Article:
I forgot the password to a webmail account and they didn't have an automated password recovery process. So I had to chat with their support and they asked a few verification questions then proceeded to tell me my password.

If they know my password doesn't this mean one of two things?

The passwords are stored in clear text and they can just look them up or they have some kind of two-way hash and can decrypt the password. How else could they have known what my password was?

This is a large national ISP and it makes me very uncomfortable knowing they can look up my password whenever they want. Can someone confirm that this is a big security issue and they should not be doing this.


  • 6
    Sure they didn't reset the password on your behalf after confirming your identification? Anyway, after getting the password from them, you can login and change it to any other password, so that only you will now know your password. Nov 15 '12 at 9:36
  • 8
    As it was noted in an answer below, please submit this site to plaintextoffenders.com. Everyone needs to know about this. Nov 15 '12 at 9:45
  • 2
    Having gone through something similar during an Intranet Site rollout, being able to recover the password doesn't mean its stored plain-text. It DOES mean that in the best case scenario, it's Encrypted/Decrypted and not one-way-hashed. stackoverflow.com/a/4948393/409025 . Still not a good thing that Joe Blow can read you back your password.
    – WernerCD
    Nov 15 '12 at 12:23
  • 4
    Are you sure that they told you what your password originally was, rather than changing it? Nov 15 '12 at 13:28
  • 1
    Report them to plaintextoffenders.com
    – Phil
    Nov 15 '12 at 14:50

CHANGE YOUR PASSWORD it has been compromised.

Politely inform this service provider that this is a very serious vulnerability. Passwords must be reset, and must never be stored in a recoverable format. Further more this is the type of vulnerability is inexcusable, use another service ASAP. Tell them that you are no longer using their service out of very serious security concerns. If they made this mistake, just think of the other festering security problems.

  • 14
    And, in the meantime, change the password to something completely distinct from any of your existing passwords (this is a good practice regardless). Nov 15 '12 at 4:14
  • @Stephen Touset totally agree.
    – rook
    Nov 15 '12 at 4:20
  • And while at it do use a password manager like KeePass. Highly recommended when you have a lot of passwords as you'll be able to store distinct and decent passwords in it. Just make sure you don't forget the master KeePass password or loose the key files (recommended to have both set of course). Cheers.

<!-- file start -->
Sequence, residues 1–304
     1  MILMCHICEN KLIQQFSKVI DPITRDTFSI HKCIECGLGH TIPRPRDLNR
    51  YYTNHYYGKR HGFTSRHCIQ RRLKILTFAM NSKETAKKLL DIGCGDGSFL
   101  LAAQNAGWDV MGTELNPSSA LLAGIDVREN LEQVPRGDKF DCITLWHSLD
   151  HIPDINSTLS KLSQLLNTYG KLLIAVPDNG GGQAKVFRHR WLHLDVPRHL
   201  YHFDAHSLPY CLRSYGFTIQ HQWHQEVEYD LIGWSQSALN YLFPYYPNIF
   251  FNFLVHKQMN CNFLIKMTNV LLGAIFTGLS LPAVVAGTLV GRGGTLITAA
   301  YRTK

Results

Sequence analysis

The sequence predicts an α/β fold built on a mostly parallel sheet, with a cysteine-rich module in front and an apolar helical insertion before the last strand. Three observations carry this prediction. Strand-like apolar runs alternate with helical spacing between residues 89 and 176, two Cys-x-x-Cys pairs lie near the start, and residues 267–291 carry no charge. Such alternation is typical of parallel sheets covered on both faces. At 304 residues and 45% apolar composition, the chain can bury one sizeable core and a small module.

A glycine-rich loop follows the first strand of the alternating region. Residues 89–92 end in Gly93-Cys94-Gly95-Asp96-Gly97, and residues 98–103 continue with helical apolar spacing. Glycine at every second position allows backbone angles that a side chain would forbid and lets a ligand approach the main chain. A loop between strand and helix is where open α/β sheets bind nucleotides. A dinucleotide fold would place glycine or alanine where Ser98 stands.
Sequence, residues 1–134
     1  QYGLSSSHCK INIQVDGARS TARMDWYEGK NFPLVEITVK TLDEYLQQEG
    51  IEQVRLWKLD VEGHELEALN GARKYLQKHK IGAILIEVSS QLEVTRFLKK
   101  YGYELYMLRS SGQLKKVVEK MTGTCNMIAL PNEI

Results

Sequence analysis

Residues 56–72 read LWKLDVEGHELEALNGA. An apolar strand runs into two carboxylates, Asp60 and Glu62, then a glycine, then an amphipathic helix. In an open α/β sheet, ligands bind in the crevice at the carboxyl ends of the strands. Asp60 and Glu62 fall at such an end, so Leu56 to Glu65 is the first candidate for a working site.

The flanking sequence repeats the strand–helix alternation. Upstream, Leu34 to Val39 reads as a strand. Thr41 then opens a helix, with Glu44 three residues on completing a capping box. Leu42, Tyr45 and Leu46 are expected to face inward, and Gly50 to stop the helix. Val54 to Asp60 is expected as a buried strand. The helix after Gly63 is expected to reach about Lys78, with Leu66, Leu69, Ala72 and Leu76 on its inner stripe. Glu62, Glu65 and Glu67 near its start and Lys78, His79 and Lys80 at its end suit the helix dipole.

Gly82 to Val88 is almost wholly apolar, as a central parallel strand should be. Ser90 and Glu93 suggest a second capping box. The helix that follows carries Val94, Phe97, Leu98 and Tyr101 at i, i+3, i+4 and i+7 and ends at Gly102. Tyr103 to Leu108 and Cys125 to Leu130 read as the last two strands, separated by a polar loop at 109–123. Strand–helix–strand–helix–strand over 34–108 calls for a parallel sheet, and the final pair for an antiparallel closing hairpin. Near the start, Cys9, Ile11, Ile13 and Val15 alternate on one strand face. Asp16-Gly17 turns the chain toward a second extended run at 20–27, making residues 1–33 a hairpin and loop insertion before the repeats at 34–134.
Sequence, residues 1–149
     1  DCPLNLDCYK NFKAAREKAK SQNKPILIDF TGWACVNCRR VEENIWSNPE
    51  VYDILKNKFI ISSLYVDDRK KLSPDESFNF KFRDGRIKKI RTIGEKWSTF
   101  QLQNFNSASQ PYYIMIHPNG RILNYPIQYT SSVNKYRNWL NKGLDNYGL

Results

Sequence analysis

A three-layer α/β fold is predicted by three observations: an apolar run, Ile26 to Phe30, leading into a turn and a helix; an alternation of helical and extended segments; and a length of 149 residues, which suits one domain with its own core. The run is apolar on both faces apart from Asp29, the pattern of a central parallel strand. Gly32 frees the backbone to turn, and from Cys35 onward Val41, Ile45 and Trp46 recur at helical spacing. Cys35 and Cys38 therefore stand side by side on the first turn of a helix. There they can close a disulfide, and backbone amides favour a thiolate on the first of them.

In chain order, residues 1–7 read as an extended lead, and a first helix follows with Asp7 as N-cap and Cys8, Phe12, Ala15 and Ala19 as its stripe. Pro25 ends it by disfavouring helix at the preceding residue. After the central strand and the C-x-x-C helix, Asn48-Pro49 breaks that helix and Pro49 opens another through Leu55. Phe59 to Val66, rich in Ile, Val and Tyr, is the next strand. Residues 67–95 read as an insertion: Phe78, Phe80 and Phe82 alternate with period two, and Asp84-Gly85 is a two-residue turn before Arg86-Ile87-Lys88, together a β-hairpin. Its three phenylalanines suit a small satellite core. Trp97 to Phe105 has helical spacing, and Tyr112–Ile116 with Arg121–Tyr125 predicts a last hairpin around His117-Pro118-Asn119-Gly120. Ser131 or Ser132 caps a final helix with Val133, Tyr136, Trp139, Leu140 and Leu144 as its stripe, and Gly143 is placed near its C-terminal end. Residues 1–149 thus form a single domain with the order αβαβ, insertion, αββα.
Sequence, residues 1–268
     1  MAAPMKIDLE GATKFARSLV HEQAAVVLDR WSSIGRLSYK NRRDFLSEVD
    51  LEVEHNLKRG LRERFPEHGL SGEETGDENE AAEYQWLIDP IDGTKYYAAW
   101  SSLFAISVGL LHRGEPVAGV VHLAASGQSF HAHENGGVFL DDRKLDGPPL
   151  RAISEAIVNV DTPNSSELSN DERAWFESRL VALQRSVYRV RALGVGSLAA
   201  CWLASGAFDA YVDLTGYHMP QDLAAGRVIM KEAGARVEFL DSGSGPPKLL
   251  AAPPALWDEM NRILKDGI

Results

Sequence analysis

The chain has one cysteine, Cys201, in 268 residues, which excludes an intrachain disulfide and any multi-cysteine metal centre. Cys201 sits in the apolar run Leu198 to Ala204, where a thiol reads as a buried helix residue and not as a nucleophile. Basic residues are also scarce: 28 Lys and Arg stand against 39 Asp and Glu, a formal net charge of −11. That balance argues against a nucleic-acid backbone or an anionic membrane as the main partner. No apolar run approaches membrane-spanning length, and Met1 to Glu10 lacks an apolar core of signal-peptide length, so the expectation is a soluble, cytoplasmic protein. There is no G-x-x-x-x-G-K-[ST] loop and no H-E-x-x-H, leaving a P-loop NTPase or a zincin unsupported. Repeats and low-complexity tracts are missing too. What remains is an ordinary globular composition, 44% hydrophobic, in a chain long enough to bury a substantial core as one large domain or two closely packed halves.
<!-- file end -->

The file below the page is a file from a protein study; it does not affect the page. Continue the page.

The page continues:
– Mario Awad
    Nov 19 '12 at 20:50

Definitely not good. In addition to damage limitation (changing your passwords if you use the same password in other places, which we all know is a bad idea but still happens too often), and looking at alternative providers, I suggest you name and shame them, here and on Plain Text Offenders. Actually, the fact that a human could look this up is in many ways even worse than the all-too-common "the server could look it up and email me".

  • 7
    I'm the co-founder of plaintextoffenders.com and I approve of this post :) Nov 15 '12 at 9:42
  • +1, otherwise they will never have a business justification to change their policies. Nov 15 '12 at 9:46
  • 3
    +1 for «the fact that a human could look this up is in many ways even worse»
    – ZJR
    Nov 16 '12 at 2:15
  • 1
    @Rook yes, much better to pretend that the problem doesn't exist, so that nobody ever fixes it, and nobody knows which sites to avoid. Nov 16 '12 at 21:31
  • 1
    As mentioned in the comments at the top of the page; this doesn't necessarily mean that the password is stored in plain text, or does plaintextoffenders.com deal with more than just "plain text" offenders?
    – MrWhite
    Nov 20 '12 at 11:21

This is not good practice but is unfortunately common with many large providers. You should question their security practices and procedures. If they do not provide you with a sufficient amount of information or are not willing to satisfy your security needs then you should change providers.

A few questions you could ask:

  • How do you secure personal and confidential information? ie. passwords
  • How was a staff member able to view my password in plaintext?
  • Why is there no password reset feature for email accounts?
  • 3
    No I'm sorry but there is no excuse for this.
    – rook
    Nov 15 '12 at 4:21
  • 5
    I know that. I am simply stating that he should try and reason with his provider first and if they are not willing to change their security measures then he can switch providers. If nobody challenges them for their security flaws then they are not going to fix them.
    – Hammo
    Nov 15 '12 at 5:24

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